Free association with Dr. Hughes

Thursday, August 31, 2006

The buzz word among rehab providers these days is audits. Mostly, they're dreading the day that the DMERCs begin auditing claims that were submitted under the new documentation requirements for power mobility devices. Providers don't have all that much to worry about, if they have all their ducks in a row, says Dr. Paul Hughes, the medical director for regions A and B. Here's what he had to say.
A prescription is not enough for an audit, because in an audit, we go back to the basic set of medical records. We look to see what, in the doctor's records and the therapist's records, shows that the patient meets the policy criteria.
How well do you keep your records for your income taxes? Some people are fast and loose in the chance that they won't be audited. Some people only claim the stuff they have 22 receipts for. That's your judgment. But if you get audited, the IRS standard doesn't change. It's no different in our audits.
Because they're business people, suppliers say, 'Just tell me what paper you want to get.' They want to be efficient. I understand that, but there is no one piece of paper. The Paper Reduction Act prevents me from saying, 'Go get this piece of paper.' You, as a supplier, then need to be knowledgeable about the policy criteria and have some sense of the basic medical concepts so that you can screen the information and make determinations.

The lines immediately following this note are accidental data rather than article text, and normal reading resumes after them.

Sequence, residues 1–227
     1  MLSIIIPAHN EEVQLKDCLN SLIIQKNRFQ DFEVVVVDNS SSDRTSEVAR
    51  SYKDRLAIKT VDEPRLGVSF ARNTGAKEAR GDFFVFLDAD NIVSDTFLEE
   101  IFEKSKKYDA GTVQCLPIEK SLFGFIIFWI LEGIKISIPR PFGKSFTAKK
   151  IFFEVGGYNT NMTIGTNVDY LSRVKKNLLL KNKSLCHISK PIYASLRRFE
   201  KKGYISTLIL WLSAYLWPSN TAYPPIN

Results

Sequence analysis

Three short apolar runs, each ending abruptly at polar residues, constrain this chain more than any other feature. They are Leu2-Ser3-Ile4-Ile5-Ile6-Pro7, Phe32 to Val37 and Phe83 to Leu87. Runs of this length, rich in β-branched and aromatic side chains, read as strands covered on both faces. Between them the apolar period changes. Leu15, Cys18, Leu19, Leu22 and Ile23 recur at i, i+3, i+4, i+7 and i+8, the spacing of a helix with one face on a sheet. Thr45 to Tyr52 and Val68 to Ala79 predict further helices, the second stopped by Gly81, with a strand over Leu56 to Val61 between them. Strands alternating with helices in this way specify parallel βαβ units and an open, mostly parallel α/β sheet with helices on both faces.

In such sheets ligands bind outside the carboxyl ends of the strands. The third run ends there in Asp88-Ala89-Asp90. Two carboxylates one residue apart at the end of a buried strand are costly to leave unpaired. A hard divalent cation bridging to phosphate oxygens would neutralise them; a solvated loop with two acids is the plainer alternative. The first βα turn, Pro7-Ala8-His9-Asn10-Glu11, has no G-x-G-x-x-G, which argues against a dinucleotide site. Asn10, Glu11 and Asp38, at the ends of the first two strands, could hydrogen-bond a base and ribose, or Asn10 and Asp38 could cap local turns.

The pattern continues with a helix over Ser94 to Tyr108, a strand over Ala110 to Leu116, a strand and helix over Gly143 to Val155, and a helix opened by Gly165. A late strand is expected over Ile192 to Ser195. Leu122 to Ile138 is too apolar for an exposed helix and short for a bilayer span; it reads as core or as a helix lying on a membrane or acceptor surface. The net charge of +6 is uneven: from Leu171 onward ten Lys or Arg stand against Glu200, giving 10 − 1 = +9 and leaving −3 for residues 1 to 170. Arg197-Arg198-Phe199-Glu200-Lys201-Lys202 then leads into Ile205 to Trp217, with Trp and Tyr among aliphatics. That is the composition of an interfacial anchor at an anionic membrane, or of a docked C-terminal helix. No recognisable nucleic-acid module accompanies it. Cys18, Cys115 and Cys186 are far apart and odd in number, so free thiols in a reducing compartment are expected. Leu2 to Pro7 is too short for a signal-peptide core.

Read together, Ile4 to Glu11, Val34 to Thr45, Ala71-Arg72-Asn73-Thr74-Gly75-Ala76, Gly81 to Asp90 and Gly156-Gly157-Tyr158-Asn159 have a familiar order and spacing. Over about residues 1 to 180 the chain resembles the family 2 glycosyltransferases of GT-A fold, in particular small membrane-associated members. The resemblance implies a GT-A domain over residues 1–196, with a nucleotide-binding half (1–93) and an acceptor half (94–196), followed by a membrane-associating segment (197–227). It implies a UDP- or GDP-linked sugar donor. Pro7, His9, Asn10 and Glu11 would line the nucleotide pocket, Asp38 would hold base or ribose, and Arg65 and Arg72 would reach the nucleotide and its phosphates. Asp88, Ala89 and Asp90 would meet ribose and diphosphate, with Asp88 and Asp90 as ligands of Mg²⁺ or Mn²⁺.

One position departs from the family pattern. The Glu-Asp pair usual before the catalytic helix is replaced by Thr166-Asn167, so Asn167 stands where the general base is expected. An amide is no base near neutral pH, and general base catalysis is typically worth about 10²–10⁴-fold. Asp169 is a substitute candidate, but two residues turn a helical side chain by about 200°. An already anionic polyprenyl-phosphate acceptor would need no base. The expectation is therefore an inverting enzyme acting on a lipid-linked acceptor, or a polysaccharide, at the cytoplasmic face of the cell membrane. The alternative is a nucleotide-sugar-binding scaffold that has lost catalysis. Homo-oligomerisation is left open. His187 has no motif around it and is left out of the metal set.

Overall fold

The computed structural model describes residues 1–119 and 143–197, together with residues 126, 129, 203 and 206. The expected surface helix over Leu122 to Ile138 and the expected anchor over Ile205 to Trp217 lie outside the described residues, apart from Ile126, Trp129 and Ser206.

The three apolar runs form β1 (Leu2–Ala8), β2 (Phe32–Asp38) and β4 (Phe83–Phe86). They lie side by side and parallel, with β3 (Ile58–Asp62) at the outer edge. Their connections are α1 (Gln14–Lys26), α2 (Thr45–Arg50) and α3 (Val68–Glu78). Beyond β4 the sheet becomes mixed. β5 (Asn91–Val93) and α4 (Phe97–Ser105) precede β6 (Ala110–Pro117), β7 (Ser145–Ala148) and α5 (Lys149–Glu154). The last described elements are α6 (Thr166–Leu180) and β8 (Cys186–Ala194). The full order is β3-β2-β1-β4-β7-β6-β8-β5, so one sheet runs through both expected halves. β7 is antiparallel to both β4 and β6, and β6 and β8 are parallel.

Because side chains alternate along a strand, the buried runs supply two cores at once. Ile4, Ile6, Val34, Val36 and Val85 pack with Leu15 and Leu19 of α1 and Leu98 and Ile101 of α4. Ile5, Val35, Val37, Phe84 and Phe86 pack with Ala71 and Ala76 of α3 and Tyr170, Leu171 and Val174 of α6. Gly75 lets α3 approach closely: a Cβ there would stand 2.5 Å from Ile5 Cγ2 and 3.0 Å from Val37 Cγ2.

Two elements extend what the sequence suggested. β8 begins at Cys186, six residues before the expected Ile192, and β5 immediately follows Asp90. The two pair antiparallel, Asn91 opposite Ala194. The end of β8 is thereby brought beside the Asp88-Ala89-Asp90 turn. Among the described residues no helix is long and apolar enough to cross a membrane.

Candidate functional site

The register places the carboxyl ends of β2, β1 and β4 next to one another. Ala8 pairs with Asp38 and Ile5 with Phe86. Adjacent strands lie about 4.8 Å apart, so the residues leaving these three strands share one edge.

They say, 'We can't be clinicians.' I say, 'What do you do when you decide whether to use an ABN?' You do exactly the same thing--you ask yourself what are the policy criteria, does the patient meet the policy criteria, do I have information about their medical condition? If they don't meet the criteria, you don't use an ABN. They've been doing that for years.
This is not a check-off production
If we say left-handed smoke shifter is good, then they will go and tell doctors to write left-handed smoke shifter in red ink on the side of the paper. That's not what this is about. What's complex medical review? It's done largely by nurses--they're supposed to know the policy criteria and they're supposed to use their medical knowledge, experience and judgment to determine whether the information in the medical record shows that the patient meets the criteria. This is not a check-off production. How they write it almost becomes as important as what they write. We train our people to read everything and get a picture of the patient and then give the benefit of the doubt to the patient so we can get them what we need. But what we see most of the time is nothing.